It takes me two hours to walk it leisurely. You have to buy an entrance ticket which costs 150 kuna (about $22 UD dollars). The fee benefits the Association of Friends of Dubrovnik Antiquities.It is better to walk in the afternoon or evening as thousands of passengers from multiple cruise ships disembark in the harbor in the morning. It creates a virtual traffic jam on the walk.
Dubrovnik’s first set of walls date back to the 9th century. The town fathers were afraid of attack by the Ottoman Empire. The original towers are four-sided. But due to security risks from canyon fire, the newer towers are rounded. Dubrovnik rivaled Venice with its harbor front. It could court the West and East. With the threat of attack by the Turks, the city walls were fortified in the 15th century. In some places the walls measure up to 6 km on the land side.
There are three different entrances to start the city walk—the Pile Gate, the Ploce Gate and at the Maritime Museum. Be prepared that the walk can be quite strenuous as there are steep staircases to ascend. Words fail to describe the scene adequately. I gaze down at the crystalline waters of the Adriatic Sea. Croatian rowboats, sailboats and fishing vessels ply the waters. I see below a beige city. Every roof is covered in terracotta tiles.
Dubrovnik was crippled by what the locals call “The Big Shake.” The earthquake ripped the city apart in 1667. The town was then remodeled in the Venetian style. It was required that all buildings must be the same height. City laws also required the kitchen to be located on the third floor (attic) to limit the damage from fires.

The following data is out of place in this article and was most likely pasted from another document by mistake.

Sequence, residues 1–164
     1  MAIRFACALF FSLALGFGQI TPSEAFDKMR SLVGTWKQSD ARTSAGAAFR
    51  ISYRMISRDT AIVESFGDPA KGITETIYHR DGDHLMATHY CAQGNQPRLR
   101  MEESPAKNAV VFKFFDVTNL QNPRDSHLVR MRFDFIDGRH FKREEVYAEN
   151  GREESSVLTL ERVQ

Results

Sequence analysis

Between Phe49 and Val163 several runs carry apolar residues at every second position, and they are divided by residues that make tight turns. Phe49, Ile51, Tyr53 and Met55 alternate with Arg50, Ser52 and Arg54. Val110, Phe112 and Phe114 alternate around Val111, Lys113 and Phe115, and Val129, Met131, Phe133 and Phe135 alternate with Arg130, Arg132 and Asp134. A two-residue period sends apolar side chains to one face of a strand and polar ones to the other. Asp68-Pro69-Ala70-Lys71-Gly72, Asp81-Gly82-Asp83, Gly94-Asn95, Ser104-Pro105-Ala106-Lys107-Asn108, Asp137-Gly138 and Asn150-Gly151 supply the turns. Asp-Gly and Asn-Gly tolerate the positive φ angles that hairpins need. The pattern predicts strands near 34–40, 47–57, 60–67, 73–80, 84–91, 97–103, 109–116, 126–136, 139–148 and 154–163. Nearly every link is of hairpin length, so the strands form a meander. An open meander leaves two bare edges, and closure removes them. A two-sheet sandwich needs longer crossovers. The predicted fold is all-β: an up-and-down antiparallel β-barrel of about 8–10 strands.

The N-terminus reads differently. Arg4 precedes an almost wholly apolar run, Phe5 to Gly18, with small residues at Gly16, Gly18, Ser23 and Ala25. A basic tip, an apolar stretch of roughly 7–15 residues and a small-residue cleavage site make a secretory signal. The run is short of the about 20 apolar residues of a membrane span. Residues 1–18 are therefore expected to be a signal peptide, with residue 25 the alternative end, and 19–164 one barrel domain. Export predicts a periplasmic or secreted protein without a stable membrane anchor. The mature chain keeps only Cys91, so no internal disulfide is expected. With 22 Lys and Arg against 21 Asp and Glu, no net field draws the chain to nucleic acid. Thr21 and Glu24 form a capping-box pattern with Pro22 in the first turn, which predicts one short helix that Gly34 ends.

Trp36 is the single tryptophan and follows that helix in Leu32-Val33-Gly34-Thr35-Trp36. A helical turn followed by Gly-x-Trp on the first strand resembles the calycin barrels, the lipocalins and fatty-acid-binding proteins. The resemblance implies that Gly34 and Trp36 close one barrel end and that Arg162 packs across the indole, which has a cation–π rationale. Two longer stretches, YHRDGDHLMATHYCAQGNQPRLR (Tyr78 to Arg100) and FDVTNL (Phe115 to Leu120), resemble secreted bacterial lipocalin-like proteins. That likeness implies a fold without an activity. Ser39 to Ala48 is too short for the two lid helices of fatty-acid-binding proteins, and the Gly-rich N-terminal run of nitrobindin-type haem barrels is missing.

Sadly, the untarnished terracotta roof tiles reveal evidence of how the city was terrorized less than three decades ago during bombing by the rebel forces. Residents were startled to hear the sound of bombs exploding nearby. They rushed for safety. A sign on one house reminds us to “Never forget.”
Old versus new Dubrovnik is now documented—faded speckled brown and grey clay roof tiles vividly contrast the unscathed bright orange tiles in sections of the city. It is also important to remember that this is a living city—not just a museum—that is home to 40,000 residents. I found the evidence in black, grey, green and yellow shirts flapping on a laundry line. Occasionally, I will even spy a couple sitting on their terrace drinking a coffee. But it must be difficult to live in a fishing bowl where everybody can observe your every move.
On my walking tour of Dubrovnik, I learn many Croats prefer to rent out their one-bedroom apartments to tourists who are eager to temporarily step back into the past and experience life during the Renaissance. My tour guide said a unit rents for 130 euros a night. This is a huge sum as the typical salary is 500 euros a month.
As I discovered in my little seaside village, Croatian cats dearly love to live by the water (and eat fresh fish). I can spot the felines as I look down from my walk—sitting on a patio table in a garden or sauntering down an alley. But I take particular glee in discovering what I term “Cat Corner.” This is an intersection of two lanes on my walk where multiple cats hang out. Looking down I spy a man stroking a calico cat who nestles contentedly in his lap. He appears to be a “cat whisperer”. On the adjacent blue bench, a large mottled grey cat nestles on a rag rug. A black and white cat sleeps nearby.
Naturally, I decide to go down and investigate. The Croat cats are extremely friendly and allow me to pet them. One rubs up against my ankles. Scooping her up, this little brown and white cat permits me to pose with her in a photo.
With a deadline of 5:30 pm to meet the guide for a walking tour, I rush to finish my walk. But there is one surprise left. Stopping to take one final photo, I glance through an alleyway and see the cathedral. Standing outside are a bride and groom posing for their photographer. I snap the shot before it vanishes … like my time in Old Dubrovnik.
Postscript: Although I didn’t get to climb the walled city of Ston on the Peljesac Penisula, it may rival Dubrovnik with its scope. The town is famous for its production of salt which was a prime commodity for trading in medieval times.